>The Fox & Newt, Part 3

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I don’t get a day off from work often, so when the opportunity presented itself a few weeks back I welcomend it with open arms. What better opportunity to sample home-brewed beers at the Fox & Newt, a pub I visited late last year, just before the brewery steamed into production? Expecting it to be dead, I was pleasantly surprised to fnd this wednesday lunchtime buzzing, and more importantly, drinking beers from the Fox Brewing Company.

They must have spied me as a hack as I ordered my second pint (I wonder what gave it away: the notebook and pen, the sports pages strewn in front of me) – as a young chap who was sitting at the bar asked me what I thought of the beer. A conversation ensued, and he offered to show me the brewhouse. Turns out he was involved in the brewing, and only too happy to show me around.

Having a quiet beer in that one room that seemed packed with gear, he took me through the origins of the kit and the various pitfalls and pleasures associated with brewing. A faulty part was hindering production at the time, which meant that what we were drinking was more or less the last of that particular batch. But plans are being made for the future, and the Fox Brewing Company seems in good health.
But what were we drinking? Well, first up was the Clarendon Dark Mild; and my favourite of the lot. A moreish, smokey take on the style, this could easily substitute for a well-known stout if you want to go that far. A great beer. Nightshade is a no-nonsense bitter, but with a rich, toffee accent, and the IPA disappointed only in the nose – I expected a more American take on pale ale – instead being a sweet, honeyed golden ale that would certainly deserve more than one pint. Mr Tod was unavailable, but seems to be the most popular of the lot. Add to this roster beers by Leeds, Brewdog (on occasion), and Moorhouse among others an you’ve got a worthy beer destination.
The good news is that sales of their own beers are admirable, and production should roll on soon enough. That’s great news not only for the beer drinkers of Leeds but for the business: the Fox & Newt has been a brewhouse many times before, and never quite seems to bed in. Let’s hope the recent owners push this one through.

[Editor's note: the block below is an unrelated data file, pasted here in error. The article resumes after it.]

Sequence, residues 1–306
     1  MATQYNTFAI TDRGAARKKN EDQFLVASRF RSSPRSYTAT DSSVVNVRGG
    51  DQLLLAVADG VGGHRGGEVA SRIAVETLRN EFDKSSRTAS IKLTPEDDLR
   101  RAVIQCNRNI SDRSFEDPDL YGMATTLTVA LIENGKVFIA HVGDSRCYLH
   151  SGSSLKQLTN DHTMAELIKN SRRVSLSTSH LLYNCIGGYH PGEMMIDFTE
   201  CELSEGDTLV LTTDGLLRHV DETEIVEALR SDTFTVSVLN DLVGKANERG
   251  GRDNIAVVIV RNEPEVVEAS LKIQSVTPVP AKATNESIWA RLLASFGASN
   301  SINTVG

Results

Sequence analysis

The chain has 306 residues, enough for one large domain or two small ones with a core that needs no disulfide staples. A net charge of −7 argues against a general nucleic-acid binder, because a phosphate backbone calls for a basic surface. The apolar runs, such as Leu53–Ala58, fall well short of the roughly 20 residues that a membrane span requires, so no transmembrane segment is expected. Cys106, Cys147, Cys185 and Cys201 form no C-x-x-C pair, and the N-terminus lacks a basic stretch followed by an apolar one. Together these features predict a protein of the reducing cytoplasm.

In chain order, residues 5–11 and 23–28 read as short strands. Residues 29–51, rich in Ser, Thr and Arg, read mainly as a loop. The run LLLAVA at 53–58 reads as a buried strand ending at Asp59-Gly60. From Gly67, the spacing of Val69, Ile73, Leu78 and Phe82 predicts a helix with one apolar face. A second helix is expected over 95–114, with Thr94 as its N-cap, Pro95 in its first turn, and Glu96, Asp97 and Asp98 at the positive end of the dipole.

Rich over at Them Apples was far more on the ball than me and sampled The Fox’s range ages ago – for his view, click here.
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About leighgoodstuff

Blog: https://goodfoodgoodbeer.wordpress.com/ I'm Leigh Linley; born and bred in Leeds, and writing about it since 2005. TGS exists solely to highlight the great beers that are out there; brewed with passion by Craft Brewers around the World. I also edit the 'Tavern Tales' section of Culture Vulture, which looks at Pubs and Pub Life rather than the beer in the glass. If you'd like to submit a piece for Tavern Tales, or contact me about any Freelance writing you think I would be suited to, then don't hesitate to contact me via email here.

Posted on 10/05/2009, in Uncategorized. Bookmark the permalink. 3 Comments.

  1. >I hope so too – I wouldn’t mind that Nightshade right now, especially after the curry I just prepared.

  2. >I had a pint of Mr Tod in London the other day. It was bloody awful, but I suspect that’s because we were in a bloody awful pub, which served it warm in a dirty glass.I’m intrigued by their Guinness clone. Dark Star do a pretend Guinness, too, which is fabulous, and *very* cheekily packaged…

  3. >Boak – I’ve since been told that Mr Tod is actually quite an old beer, and could indeed be brewed by other breweries, elsewhere! Did it say it was a Fox Brewing co beer on the pumpclip? I’m intruigued!! and the Clarendon Mild isnt a guiness clone – the point I was making was more that some of guiness’s drinkers would do well to try this much more ocmplex beer out.

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